But still, neither Ikta nor Yatori have any designs of overthrowing Safida’s leadership. Indeed, Yatori’s Igsem heritage and conditioning make such a choice unthinkable, even if Ikta was pondering such a rebellion. No, these heroes, must work within the system into which they were recruited; play with the hands they were dealt. It’s yet not their turn to decided how the game is played.

So Yatori saves Safida from an ambushing Nanaku Daru, who learned how to fight from Mugen in Samurai Champloo. Yatori bests her, only to let her go when a group of shady assassins takes advantage of the chaos. They fail to kill the general, but slay Deinkun in the attempt.

He joins Kanna and the scores of other Imperial soldiers who gave it their all despite having to serve under a terrible general in a ridiculous war that isn’t quite over yet.

16rating_8

Alderamin on the Sky – 08

ald81

A splendid victory, brought about by his command, and a bitter conclusion brought about by his choice.

The show, courtesy of narrator Princess Chamille, provides a concise but accurate synopsis of this episode. It’s an episode loaded with the consequences of the stupid decisions of Ikta’s superiors, all in the name of a show of force.

The General has completely bungled this “punitive” campaign against the Sinack, and due to the chain of command Ikta & Co. can only do too much to mitigate the damage that has been done. But Ikta & Co. still doe what they can, which does make a difference.

ald82

Ikta’s splendid victory to come is prefaced by a splendid defense of their camp in which the attacking force is totally annihilated without a single casualty on his side. But things would have gone far differently—and badly—had Ikta not been there to put orders in the commander’s words.

While he’s on a resupply mission to a position that’s been taken by the Sinack, Kanna Temari, in a different unit led by an even dumber commander, learns just how tough she is. In a scene riddled with death flags, she waxes nostalgic about the liberating, expanding power of books, and the fact Ikta is like a book, and someone she’s looking forward to seeing again.

But as sad as it made me, the fact that her unit made camp in a fortress deliberately abandoned by the Sinack, and the commander fell for an obvious trap, made me doubt Kanna and Ikta would ever meet again. The events of the episode all but eliminated that possibility, and it followed through with the threat it presented.

ald83

Even Ikta can only do so much about the incompetence of the military leadership. But he engages his CO in such a way that he gets what he wants: a chance to score a victory. He gets it thanks to the prototype rifles designed by his mentor; in other words, thanks to science.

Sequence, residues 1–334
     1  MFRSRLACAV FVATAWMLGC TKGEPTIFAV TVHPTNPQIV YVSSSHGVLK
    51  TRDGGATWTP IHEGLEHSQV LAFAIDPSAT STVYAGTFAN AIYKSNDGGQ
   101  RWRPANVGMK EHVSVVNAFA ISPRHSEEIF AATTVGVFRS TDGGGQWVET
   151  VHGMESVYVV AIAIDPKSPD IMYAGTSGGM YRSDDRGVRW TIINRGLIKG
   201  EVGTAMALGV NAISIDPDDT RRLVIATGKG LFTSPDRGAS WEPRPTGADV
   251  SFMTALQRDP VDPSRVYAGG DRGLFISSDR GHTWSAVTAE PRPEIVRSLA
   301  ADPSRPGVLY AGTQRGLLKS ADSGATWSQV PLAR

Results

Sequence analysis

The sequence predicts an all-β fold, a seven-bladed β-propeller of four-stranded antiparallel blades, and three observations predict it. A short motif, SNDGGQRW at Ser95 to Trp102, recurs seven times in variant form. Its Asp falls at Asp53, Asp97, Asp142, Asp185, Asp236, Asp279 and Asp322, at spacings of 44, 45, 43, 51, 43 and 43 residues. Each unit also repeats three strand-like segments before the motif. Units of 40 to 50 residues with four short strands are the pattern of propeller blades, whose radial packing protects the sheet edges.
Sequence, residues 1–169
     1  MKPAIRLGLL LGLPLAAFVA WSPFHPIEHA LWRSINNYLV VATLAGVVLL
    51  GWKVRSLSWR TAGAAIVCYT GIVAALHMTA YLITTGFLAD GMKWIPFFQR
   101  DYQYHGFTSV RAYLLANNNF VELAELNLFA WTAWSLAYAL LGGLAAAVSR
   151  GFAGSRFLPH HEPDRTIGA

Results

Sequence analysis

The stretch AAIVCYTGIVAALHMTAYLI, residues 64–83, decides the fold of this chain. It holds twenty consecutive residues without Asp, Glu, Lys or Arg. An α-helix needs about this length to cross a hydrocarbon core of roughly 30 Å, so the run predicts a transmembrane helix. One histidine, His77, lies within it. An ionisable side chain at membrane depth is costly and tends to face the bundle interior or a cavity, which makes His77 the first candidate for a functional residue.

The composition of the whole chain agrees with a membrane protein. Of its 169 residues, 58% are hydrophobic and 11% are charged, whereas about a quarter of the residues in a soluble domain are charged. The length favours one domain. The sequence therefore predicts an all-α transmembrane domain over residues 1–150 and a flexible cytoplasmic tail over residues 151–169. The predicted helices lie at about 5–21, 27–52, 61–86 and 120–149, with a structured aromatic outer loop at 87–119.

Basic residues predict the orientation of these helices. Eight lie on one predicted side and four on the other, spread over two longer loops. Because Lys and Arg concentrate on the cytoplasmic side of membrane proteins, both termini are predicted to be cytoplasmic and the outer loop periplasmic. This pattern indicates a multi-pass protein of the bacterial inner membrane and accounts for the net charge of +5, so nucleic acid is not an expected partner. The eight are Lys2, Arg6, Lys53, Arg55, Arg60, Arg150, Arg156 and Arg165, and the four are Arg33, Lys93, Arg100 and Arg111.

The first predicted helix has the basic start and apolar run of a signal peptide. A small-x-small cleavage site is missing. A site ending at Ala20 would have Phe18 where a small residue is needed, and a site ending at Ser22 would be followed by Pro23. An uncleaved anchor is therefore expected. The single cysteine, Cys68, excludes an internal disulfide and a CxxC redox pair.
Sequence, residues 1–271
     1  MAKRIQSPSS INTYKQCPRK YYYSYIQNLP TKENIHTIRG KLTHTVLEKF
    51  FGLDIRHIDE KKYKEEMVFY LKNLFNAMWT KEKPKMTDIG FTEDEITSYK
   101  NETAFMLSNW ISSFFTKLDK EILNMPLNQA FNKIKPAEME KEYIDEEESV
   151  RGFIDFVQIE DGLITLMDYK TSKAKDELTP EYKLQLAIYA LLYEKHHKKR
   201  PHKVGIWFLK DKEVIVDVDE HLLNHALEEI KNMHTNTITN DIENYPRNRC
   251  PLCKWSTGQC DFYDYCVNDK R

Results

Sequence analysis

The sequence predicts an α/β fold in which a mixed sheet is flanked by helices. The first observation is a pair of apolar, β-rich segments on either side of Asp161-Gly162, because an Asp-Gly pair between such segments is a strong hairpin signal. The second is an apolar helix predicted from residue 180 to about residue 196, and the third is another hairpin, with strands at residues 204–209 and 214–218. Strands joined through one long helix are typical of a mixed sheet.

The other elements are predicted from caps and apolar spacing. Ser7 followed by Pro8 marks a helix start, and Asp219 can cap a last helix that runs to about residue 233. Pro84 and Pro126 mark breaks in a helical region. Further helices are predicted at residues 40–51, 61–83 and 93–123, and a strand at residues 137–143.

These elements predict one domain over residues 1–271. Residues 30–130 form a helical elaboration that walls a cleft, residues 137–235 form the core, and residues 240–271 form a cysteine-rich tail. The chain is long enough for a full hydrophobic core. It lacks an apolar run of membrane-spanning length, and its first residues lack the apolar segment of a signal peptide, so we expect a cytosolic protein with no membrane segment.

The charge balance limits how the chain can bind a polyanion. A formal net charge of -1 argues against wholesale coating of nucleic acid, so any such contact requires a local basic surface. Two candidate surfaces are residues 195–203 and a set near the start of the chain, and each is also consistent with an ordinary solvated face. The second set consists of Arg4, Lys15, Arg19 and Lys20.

But the science that won him such an easy, splendid victory, also ended up dooming Kanna. For Ikta makes his unit rest for two days in order to avoid suffering altitude sickness, which is what Kanna and her comrades are going through thanks to their dimwitted superiors.

For the record, Ikta makes the right choice. Even if he knew Kanna, a girl he liked (and whom he suspected liked him back) was in danger, he wouldn’t endanger his entire unit to rescue her, especially after seeing what the altitude has done to the health of the army.

ald84

Of course, making the right choice doesn’t make it any easier to choke down the bitter result of following science to the letter. The fortress wasn’t able to hold out long enough for his platoons to relieve them, and all they find is a fortress full of corpses, including Kanna’s.

It’s a gut punch, both for me, and for Ikta, who is often so laid back and casual and jokey that when he finally gets serious, it’s that much more powerful. This wasn’t just some girl he had fun teasing or flirting with; this was a kindred spirit; someone for whom science resonated; someone he could both teach and learn from.

She was looking forward to seeing him a third time, and so was he. Instead, she joined her late husband in the afterlife, leaving Ikta in a recklessly ignorant world. To be fair, it wasn’t just his choice that doomed her—the brunt of the blame falls on the superiors—but that’s woefully inadequate consolation for a character who left us far too soon.

It will be interesting to see how Ikta deals with this loss. Will he shrug it off in a few days, or resolve himself to pushing ever harder against the morons who caused it?

16rating_9